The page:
Today is my sixth day away from running. Without my normal routine, I feel off-kilter. It is as if I do not know how to proceed, how to construct my days.
There was a time before running, when I managed just fine, but that was more than 18 years ago. Without running, sometimes I question my identity and my purpose. Take out the running and it isn’t long before I become existential.
Running helps me concentrate. It helps me feel like me. It brings me a sense of calm, a sense of control over the world. It provides endorphins, silence, connection to nature. It is my mood-control. It is my foundation.
This, at least, is the story I have told myself over the years. I began running when I was 12 and, except for a few brief injury-related breaks, have not stopped since. Running has become enmeshed in my identity. It was the subject of my college-entrance essay, it informed my friend group in high school and college, it gave me purpose during and after my divorce.
Now, without running, I am floundering. If I cannot run, how will I feel fulfilled? How will I focus? How will I sleep? How will I engage with the people around me? How will I have the clarity to write? How will I accomplish my goals? How will I stay sane? These questions sound trite when written down, but inside my head they feel very real and very scary.
If unanswered, they leave my mind in chaos.
Last year, when enduring a similar crisis state after incurring a stress fracture in my sacrum, I decided to re-write my story. I removed running from what it meant to be Anya and, in the process, realized I have more to give than my daily mileage.
I felt empowered, invigorated, and full of creative energy. Life did not end when I removed running from my daily to-do list: a revelation.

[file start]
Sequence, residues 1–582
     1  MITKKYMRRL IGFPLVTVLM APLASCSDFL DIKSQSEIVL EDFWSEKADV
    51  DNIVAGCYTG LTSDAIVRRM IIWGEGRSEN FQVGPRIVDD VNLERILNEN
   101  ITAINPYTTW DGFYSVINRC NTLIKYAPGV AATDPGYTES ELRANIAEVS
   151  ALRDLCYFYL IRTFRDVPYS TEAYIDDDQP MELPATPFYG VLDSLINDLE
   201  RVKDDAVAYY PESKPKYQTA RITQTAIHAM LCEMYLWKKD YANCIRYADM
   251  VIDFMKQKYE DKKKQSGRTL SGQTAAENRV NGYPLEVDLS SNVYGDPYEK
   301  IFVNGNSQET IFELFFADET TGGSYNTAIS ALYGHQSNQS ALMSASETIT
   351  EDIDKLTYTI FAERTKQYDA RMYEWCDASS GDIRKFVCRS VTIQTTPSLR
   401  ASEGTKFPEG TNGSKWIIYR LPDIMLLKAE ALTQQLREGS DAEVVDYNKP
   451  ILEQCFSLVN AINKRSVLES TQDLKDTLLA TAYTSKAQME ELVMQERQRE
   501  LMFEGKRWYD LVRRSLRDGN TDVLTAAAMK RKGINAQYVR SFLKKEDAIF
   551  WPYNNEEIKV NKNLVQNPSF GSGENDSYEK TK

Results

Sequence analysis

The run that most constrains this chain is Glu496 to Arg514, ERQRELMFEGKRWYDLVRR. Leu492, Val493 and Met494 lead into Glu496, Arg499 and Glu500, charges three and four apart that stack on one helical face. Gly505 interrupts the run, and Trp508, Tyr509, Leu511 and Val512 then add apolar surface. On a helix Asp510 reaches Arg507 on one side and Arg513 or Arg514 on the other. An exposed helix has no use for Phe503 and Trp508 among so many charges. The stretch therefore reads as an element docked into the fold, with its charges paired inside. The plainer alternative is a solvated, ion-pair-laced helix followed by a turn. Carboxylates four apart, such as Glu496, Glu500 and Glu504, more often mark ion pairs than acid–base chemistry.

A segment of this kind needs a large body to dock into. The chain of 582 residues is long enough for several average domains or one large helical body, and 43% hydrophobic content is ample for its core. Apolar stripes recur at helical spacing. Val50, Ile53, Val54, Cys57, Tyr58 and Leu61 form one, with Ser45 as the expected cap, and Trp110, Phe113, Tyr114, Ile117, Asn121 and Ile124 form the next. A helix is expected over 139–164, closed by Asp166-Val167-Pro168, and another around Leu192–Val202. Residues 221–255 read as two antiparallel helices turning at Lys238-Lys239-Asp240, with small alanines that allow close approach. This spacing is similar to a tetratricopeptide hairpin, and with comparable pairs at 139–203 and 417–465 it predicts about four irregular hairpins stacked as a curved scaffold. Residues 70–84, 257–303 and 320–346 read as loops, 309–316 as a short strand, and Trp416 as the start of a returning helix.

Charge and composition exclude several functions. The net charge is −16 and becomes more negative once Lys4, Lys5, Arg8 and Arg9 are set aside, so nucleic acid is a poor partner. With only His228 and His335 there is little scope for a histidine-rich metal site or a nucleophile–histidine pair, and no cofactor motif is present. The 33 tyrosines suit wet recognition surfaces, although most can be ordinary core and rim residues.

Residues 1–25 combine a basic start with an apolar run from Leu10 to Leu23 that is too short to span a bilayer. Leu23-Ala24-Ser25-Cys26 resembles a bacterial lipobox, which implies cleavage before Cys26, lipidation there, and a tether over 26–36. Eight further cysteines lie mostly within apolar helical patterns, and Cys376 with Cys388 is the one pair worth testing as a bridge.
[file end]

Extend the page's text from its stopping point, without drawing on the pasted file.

This new outlook, however, did not last. Everyday stresses crept back and I forgot not to equate my self-worth with increasing mileage, running quick splits, or cultivating an unflagging dedication to go outside and suffer no matter the conditions. I forgot to consider my body’s signals. I forgot the pain of injury, the difficulty of recovery, and the peace of an identity not bound by running.
In forgetting these truths, I lost sight of my most esteemed value: health. I convinced myself to go just one more mile, one more minute, one more block, ignoring all pain. The extra distance seemed inconsequential (how much harm can bit more do?) and made me feel productive and tough (look at how you pushed through the pain and exceeded your goal for today!). Eventually, of course, it added up. Adding extra impact will always cause an already-weak body to crumble.
And now, here I am, unable to run. Unable to work. Barely able to walk.
Those extra miles don’t make me feel tough anymore. They make me feel stupid. A sucker for my own conniving self-talk. I listened to the voice that comes from sabotaging part of my mind. She revels in failure. She is happiest when I am mired in shame. I cannot believe I fell for her line again. I have some pretty unkind words for her, but I will spare you the profanity.
To silence this unkind voice, I am rewriting my story again. I am posting it by my desk. It reads:
I am a caring, compassionate person. I enjoy learning, reading, writing. I am flawed. I try my best to prioritize my own needs first, so that I have energy to support my friends and family. I do not always succeed, but I always try. I am a person who runs. I am a person who loves animals. I am a person who enjoys moving her body, feeling strong, and being filled with health. I eat plants foods in abundance. I am multi-faceted. I have the capacity to change. I feel joy as often as possible. I am curious. This is who I am.
Notice, I am not “a runner” but a person who runs. I am my self first, my activities second. I am still me without running. I will always find creative and athletic pursuits to fill my time. Running is a happy bonus in an already fulfilling life.
I am not at the point in my life where I want to give up running. I hope I will never be forced to delete it as an aspect of my story. I want to remain a person who runs. But only in moderation. For fun. And never to the point of injury.